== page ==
Wednesday, 22 July 2009 08:18

A tale of two Twits

(the following is a guest post from James Duthie)

As an online marketer who enjoys dabbling in social media, last week was definitely not a good one in the land down under (Australia). In an industry that is still trying to establish itself as legitimate and credible (much like SEO had to), a scandal involving media celebrities, fake Twitter accounts and public slander was never going to be good for the collective reputation.

And as entertaining as the story is, it serves as a sobering reminder of the challenge many social media marketers face in shifting traditional marketing attitudes that have existed for decades. But let’s start with the story first…


Attack of the Twankers

It revolves around two of Australia’s highest profile media celebrities – Kyle Sandilands & Jackie O. The pair are long time radio personalities, hosting one of Australia’s most popular radio segments. In the last few years they have also made the transition across to television, hosting a series of Big Brother together, and Kyle also served as a judge on Australian Idol for a number of years. More recently, they’ve made the foray into social media channels such as Twitter, where you can find them at @kyleandjackieo.

Kyle Sandilands and Jackie O


As mainstream media personalities, it was no surprise to see them amass a sizable audience. But suspicion arose recently at the speed of their growth as they passed over a quarter of a million followers. To put that in context, our national leader (@KevinRuddPM) has just 187,000 followers at the time of writing. Delta Goodrem, a popular local musician, has just over 20,000 followers (surely people would be more likely to follow a musician than the DJ’s who play them…). Heck… Hugh Jackman only has a little over 400,000 followers and the whole world is in love with him. So how on earth did Kyle & Jackie O manage to amass such a following without a global fan base…?

Read more... [Avoiding the curse of the Twitter wanker]

NEW: FriendConnect adds Twitter contacts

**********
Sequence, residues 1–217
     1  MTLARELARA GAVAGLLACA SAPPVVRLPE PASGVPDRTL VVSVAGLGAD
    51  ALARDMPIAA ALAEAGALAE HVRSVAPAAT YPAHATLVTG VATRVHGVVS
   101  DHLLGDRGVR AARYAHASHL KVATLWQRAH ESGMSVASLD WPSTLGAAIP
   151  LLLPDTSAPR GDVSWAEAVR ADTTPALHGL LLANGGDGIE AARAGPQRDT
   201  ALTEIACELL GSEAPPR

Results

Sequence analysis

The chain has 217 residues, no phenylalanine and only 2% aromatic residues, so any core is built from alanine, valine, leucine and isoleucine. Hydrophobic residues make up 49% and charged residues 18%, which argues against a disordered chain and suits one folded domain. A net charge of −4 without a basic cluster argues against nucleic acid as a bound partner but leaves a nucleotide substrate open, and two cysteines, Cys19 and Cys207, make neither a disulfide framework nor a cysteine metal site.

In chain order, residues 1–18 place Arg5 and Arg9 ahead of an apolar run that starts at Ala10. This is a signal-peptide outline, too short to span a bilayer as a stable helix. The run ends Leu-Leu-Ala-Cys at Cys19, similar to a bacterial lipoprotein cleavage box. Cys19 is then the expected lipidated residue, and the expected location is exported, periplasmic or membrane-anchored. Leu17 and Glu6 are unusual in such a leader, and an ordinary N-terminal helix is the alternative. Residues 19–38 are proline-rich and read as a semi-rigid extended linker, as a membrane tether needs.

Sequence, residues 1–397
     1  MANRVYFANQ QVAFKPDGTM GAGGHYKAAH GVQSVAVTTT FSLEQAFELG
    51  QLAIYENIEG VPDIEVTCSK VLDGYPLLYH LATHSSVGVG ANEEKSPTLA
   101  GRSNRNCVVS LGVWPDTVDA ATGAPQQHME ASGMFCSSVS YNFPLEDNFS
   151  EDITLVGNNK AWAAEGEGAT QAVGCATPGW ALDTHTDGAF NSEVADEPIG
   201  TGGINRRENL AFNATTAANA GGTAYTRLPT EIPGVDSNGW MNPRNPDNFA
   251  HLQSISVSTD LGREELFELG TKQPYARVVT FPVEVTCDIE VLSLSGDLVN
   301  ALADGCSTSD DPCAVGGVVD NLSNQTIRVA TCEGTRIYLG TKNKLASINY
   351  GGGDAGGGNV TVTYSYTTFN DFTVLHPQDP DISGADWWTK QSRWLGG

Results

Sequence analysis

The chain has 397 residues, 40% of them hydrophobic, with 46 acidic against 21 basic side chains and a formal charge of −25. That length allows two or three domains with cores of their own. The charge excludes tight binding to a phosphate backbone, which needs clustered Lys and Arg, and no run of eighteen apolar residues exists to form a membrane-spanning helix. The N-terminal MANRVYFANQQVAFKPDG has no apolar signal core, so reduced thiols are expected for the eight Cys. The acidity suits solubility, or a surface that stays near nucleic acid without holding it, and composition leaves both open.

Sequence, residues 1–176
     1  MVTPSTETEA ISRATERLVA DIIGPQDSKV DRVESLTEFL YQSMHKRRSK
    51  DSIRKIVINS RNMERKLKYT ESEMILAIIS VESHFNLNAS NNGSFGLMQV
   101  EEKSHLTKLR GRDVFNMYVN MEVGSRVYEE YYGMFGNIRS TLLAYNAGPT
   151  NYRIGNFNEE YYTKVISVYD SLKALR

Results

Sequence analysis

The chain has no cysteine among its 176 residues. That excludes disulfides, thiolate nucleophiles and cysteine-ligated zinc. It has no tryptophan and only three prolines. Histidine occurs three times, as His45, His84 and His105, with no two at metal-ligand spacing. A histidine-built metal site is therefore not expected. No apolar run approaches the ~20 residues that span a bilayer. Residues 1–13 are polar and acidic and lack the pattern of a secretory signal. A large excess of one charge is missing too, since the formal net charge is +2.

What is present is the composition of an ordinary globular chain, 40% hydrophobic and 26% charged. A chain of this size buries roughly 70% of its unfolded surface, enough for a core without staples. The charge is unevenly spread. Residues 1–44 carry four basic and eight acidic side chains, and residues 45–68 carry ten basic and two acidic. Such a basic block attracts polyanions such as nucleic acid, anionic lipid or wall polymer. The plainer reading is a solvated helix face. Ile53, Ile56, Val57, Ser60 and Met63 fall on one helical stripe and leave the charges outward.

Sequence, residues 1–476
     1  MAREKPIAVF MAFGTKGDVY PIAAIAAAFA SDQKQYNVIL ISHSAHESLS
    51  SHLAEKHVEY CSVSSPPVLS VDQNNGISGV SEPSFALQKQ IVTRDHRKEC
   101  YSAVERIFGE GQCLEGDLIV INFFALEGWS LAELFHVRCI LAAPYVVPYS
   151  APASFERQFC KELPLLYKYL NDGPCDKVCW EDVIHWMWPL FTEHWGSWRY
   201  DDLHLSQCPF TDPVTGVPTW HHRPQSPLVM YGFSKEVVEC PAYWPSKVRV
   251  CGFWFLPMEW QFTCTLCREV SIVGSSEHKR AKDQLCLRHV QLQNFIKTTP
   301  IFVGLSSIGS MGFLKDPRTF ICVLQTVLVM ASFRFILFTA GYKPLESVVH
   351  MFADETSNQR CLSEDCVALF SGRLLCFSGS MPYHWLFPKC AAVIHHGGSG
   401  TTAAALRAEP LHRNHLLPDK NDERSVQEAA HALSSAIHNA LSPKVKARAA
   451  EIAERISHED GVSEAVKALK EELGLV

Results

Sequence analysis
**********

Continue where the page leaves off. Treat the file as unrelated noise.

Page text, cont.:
Written by David Harry   
Tuesday, 27 January 2009 09:54

FriendConnect iconsGoogle FriendConnect just got a little more social

For those of you using FriendConnect the lack of anything new to play with has made it a less than enthusiastic endeavour. It seems that have at least updated the core offering, which is something. Yesterday my bud ‘Moving Man’ Mike brought my attention to an interesting anomaly – small icons on the avatars in FriendConnect Gadgets

It seems to be for adding/identifying additional social sites…though the selection is weak. Here's where to find the settings;

Friend Connect get more services

In our case (above) you can now invite Twitter contacts to visit this site whenever you see an "Invite" link. We await more service options. It's interesting, but once more a bit lacking in bite; more services please :)

I shall add to the post as I play around more later…go try it out!!


Fulfilling needs builds stronger social networks

Written by David Harry   
Wednesday, 21 January 2009 00:04

The Primary Motivators of Social Networking

[the following is a guest post from James Morris]

In a digital world where you are interconnected and inundated with messages and images, it’s important to identify and address the needs of those you are trying to network with, to be effective.  When it comes to social networking, are you making the right connection with your audience, or are you simply broadcasting to the masses? Are you giving back to the collective whole or are you just taking what you can get? By understanding your audience and making lasting connections, you not only build a following, but you will also be delivering your message in a more meaningful way.


Why should you care about social networking?

There are many reasons to become involved in social networking. A leader in this industry,, boasts thousands of different interest groups and reasons for making connections. Whether your interest is cars, cameras, dating, rare collectibles, industry affiliations, or any one of thousands of reasons to connect, chances are, there is a social network that caters to your interest.

Making a connection

For professionals, especially in the realm of marketing, the desire and the need to get involved in social networking seem obvious. The more connections you make, the more exposure your brand receives. It’s a numbers game. Achieving success to that end, however, is an entirely different subject.

Read more... [Fulfilling needs builds stronger social networks]